- Wendy's U.S. same-stores sales fell only 2.1% last week after plunging in March and the first two weeks of April.
- To preserve cash, the company cut its quarterly dividend from 12 cents to 5 cents and has identified $30 million in potential cost savings.
Wendy's shares jumped Wednesday after the company reported that its U.S. sales are rebounding from the crippling loss of business during coronavirus shutdowns.
After plunging in March and the first two weeks of April, the company's U.S. same-stores sales fell only 2.1% last week.
Shares of the company rose 5% in trading Wednesday.
Here's what the company reported for the quarter ended March 29:
- Earnings per share: 9 cents, adjusted
- Revenue: $405 million
The burger chain reported fiscal first-quarter net income of $14.44 million, or 6 cents per share, down from $31.89 million, or 14 cents per share, a year earlier.
Excluding items, Wendy's earned 9 cents per share.
Net sales fell 1% to $405 million.
Wall Street anticipated earnings per share of 10 cents on revenue of $414.4 million, based on a survey of analysts by Refinitiv. However, it's difficult to compare reported earnings to analyst estimates as the coronavirus pandemic makes earnings impact difficult to assess.
Wendy's U.S. same-store sales were flat for the quarter, after March's decline of 7.7% erased earlier months' same-store sales growth. U.S. same-store sales hit their low point in the week ended April 5, plunging 25.8%. But in the latter half of the month, same-store sales declines in Wendy's home market shrank.
Executives said that better weather and the lifting of shelter-at-home orders is boosting sales in recent weeks.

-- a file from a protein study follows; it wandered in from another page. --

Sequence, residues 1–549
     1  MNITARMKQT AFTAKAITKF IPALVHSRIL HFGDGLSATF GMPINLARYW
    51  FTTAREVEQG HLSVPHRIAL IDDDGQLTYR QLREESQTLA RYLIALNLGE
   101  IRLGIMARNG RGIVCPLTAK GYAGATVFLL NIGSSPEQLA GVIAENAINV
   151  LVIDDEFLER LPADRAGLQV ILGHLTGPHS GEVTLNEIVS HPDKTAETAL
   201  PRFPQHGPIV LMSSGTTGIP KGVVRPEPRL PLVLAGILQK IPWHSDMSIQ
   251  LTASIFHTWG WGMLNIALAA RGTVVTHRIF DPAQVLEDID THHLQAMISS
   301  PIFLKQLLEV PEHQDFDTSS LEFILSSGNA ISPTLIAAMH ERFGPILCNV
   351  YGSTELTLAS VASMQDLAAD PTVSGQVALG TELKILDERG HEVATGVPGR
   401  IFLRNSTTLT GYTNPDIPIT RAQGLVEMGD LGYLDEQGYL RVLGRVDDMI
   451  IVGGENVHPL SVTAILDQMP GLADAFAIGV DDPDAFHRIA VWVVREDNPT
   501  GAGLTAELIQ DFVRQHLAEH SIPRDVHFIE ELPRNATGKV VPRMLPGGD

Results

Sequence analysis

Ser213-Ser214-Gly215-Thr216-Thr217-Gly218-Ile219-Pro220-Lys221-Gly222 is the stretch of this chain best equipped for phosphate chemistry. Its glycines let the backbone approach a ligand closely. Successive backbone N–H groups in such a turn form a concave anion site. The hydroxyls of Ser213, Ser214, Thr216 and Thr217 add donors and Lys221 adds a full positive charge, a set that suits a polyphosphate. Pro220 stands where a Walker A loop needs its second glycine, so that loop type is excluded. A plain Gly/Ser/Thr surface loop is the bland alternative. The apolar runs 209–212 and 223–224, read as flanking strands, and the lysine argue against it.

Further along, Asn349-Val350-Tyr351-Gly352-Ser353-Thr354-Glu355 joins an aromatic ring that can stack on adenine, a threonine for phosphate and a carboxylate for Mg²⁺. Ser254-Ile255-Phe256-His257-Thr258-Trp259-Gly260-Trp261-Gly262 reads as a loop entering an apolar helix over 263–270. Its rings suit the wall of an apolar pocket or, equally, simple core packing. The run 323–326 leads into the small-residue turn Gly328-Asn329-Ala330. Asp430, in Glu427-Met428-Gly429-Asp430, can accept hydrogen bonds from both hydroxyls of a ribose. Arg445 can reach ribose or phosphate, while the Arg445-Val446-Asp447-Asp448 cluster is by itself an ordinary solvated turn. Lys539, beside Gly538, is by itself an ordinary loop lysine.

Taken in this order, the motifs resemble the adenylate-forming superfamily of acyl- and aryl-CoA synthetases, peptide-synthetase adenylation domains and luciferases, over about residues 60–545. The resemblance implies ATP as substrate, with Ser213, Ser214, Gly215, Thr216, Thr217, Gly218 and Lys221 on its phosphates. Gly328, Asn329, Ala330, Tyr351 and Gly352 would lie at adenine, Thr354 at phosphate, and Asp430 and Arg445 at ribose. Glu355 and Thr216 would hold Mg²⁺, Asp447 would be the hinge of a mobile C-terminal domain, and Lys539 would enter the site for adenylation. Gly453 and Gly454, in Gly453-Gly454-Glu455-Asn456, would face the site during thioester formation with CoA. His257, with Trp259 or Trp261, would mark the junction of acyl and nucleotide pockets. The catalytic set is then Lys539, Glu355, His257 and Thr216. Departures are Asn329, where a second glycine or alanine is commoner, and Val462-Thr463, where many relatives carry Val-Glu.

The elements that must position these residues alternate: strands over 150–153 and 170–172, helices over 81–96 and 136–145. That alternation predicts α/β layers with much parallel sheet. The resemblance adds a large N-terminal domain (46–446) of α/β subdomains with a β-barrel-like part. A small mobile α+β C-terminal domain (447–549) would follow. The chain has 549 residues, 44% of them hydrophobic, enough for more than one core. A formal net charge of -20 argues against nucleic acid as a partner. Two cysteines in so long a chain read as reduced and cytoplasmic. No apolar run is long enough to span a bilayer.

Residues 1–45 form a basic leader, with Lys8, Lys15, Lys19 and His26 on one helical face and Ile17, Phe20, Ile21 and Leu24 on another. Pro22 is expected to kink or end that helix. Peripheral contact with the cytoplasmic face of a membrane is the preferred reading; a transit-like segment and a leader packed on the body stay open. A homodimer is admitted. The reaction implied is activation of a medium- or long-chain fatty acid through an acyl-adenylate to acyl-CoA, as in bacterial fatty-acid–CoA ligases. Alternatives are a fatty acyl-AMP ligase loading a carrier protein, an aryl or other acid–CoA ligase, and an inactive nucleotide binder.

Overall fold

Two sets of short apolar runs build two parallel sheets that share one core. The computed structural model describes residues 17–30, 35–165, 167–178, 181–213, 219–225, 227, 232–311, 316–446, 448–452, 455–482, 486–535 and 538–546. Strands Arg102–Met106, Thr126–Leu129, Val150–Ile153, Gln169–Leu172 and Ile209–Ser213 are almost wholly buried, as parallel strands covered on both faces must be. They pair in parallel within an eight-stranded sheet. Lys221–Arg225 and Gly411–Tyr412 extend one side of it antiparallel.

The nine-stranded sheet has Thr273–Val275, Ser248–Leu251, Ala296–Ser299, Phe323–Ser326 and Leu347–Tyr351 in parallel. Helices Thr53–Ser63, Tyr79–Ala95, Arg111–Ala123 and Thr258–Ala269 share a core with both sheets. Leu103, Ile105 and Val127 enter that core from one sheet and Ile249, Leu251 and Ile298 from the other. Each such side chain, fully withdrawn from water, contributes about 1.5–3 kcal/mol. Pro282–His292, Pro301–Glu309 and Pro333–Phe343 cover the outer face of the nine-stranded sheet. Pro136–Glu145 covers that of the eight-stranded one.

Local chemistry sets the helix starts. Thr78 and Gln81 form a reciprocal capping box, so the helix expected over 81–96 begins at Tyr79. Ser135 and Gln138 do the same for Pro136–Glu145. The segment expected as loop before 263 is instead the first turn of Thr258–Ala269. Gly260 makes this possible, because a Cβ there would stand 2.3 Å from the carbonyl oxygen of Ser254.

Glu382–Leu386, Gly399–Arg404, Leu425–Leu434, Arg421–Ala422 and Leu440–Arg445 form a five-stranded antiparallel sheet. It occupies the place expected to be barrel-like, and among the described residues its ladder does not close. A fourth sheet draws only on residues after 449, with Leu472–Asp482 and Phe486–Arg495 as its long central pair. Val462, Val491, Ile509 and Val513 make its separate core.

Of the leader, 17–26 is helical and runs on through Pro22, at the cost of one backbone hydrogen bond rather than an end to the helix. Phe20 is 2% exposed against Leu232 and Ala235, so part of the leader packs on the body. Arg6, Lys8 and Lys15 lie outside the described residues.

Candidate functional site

Even as more consumers eat breakfast at home, Wendy's breakfast, which launched nationwide in early March, accounted for 8% of sales in April. The company stopped ads that focused only on breakfast to support franchisees in other ways. Wendy's was originally slated to spend $70 million to $80 million in 2020 promoting the breakfast menu.
"It provides some comfort for folks at a time when they're looking for comfort, and that really bodes well for the future," CEO Todd Penegor told analysts on the conference call.
While Wendy's U.S. sales are starting to recover, the pandemic is starting to weigh on the company's supply chain. A Stephens study estimated that about 18% of the chain's U.S. restaurants have removed beef from online menus as virus outbreaks force meatpacking plants to slow production or shutter temporarily.
As some restaurants cope with beef shortages, Penegor said that the company is temporarily shifting marketing to focus on its chicken products.
Wendy's international business has also showed signs of improvement, although 25% of those locations were closed as of the beginning of this week. International same-store sales plummeted 39.1% in the week ended April 12. Two weeks later, same-store sales had fallen 23.6%.
Wendy's locations that have been closed more than a week are not included in its same-store sales results.
To preserve cash, the company cut its quarterly dividend from 12 cents to 5 cents and has identified $30 million in potential cost savings from slashing business travel, delaying restaurant remodels and other general and administrative expenses. Wendy's said it has $365 million in cash on hand, as of the start of this week.